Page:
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English Words in the News: Infrastructure Posted by on Jul 29, 2021 in Culture, News

Image by Kevan Craft from Pixabay

Money, lots of money, has been approved by lawmakers in the United States to improve the country’s infrastructure. The plan calls for $1 trillion to be spent on many neglected necessities across the country. 1https://www.nytimes.com/interactive/2021/07/28/upshot/infrastructure-breakdown.html?action=click&module=RelatedLinks&pgtype=Article Yes, that’s trillion, with a T. That’s a 1 followed by twelve zeroes. In Europe, they would call that amount, “One thousand billion.” A trillion single dollar bills stacked on top of each other would almost reach from the Earth to the Sun. As I said, a lot of money.

What is Infrastructure?

Dictionaries define Infrastructure as, “The system of public works of a country, state, or region and the resources (such as personnel, buildings, or equipment) required for them to operate.” This broad definition helps to explain why federal spending on infrastructure has been so difficult to achieve. It almost sounds as though the federal government, in order to fix infrastructure, must spend money on everything. Well, that’s almost true.

Infra means below, so the infrastructure is the foundation holding up the structure. It’s things like water pipes and sewers and subways – the things we don’t think about and take for granted that they will always work and be there for us.

States, cities, and towns in the US budget money to fix or maintain their infrastructure. This is money for things like snow removal in the winter, or to cut down trees that get too close to powerlines. Local infrastructure might be schools, a library, or traffic lights. But, bigger projects, like bridges, railways, and dams, cost far more money than putting a new roof on City Hall. That’s where federal funding comes in. And, because it has been years since the federal government has focused money and effort to fix these needs, the cost keeps going up along with the need. It’s time.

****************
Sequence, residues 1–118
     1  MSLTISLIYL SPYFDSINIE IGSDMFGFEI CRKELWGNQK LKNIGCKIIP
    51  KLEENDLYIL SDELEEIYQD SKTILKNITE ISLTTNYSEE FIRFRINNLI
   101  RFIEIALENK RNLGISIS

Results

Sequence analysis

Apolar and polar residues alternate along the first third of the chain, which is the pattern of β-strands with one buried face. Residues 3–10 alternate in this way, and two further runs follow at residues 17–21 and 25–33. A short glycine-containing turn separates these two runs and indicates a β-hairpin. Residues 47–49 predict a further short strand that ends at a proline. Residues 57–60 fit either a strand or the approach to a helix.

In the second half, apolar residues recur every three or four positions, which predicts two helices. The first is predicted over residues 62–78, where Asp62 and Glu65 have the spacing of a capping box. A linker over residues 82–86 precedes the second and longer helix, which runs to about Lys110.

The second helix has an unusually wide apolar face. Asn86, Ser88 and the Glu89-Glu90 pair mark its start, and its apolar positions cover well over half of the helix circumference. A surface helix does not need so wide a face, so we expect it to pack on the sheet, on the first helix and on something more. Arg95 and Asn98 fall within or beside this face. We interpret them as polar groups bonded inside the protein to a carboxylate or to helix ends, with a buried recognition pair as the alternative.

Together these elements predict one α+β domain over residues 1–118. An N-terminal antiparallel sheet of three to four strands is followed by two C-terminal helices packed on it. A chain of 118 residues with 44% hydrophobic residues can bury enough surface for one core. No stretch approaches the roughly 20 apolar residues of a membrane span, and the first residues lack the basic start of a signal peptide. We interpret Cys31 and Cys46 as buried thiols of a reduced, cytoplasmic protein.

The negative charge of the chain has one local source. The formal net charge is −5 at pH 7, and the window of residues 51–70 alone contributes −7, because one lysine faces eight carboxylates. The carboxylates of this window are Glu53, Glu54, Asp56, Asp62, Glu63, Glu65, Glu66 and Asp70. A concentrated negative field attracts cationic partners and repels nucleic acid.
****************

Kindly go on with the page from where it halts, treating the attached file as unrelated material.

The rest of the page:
Here are the elements of the US infrastructure that will be improved with this money.

  1. Roads and Bridges – The highway system in the US needs to be repaired. While the agreement sets aside $110 billion for this, most experts believe that much more needs to be spent. But, it’s a beginning.
  2. Rail and Freight Lines – We have something called Amtrak, The National Railroad Passenger Corporation. It’s our national rail passenger system. There is a long list of maintenance needs for this system, and it’s long overdue for expansion.
  3. Clean Water – Congress banned lead pipes for drinking water three decades ago. Over ten million remains and are contaminating our water.
  4. Public Transportation – In addition to Amtrak, other trains, subways, and bus lines need to be maintained and improved. Many have not had advancements and improvements in over half a century.
  5. Electric Vehicles – Electric vehicle charging stations will be built across the country to help encourage the manufacture and sale of modern vehicles in the age of climate change.
  6. Broadband – Bringing high-speed internet to areas of the country without it became a necessity during COVID.
  7. Wells and Mines – Many of these leak, making groundwater toxic. They need to be either repaired or shut down.
  8. Airports – Some of the country’s busiest airports need major improvements. Hundreds, maybe thousands of smaller ones, also.
  9. Ports and Waterways – US shipping and international trade through U.S. ports, directly and indirectly, supports 25‐30% of Gross Domestic Product (GDP) and 13 million jobs.
  10. Water Storage – Reservoirs and dams provide water supplies, power, recreation, and wildlife habitats to millions of people across the country.

These are specific parts of the US national infrastructure that will be affected by this new spending agreed upon by Congress and the White House. One trillion dollars may not be enough, but it’s much better than nothing. How will it affect you?


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About the Author: Gary Locke

Gary is a semi-professional hyphenate.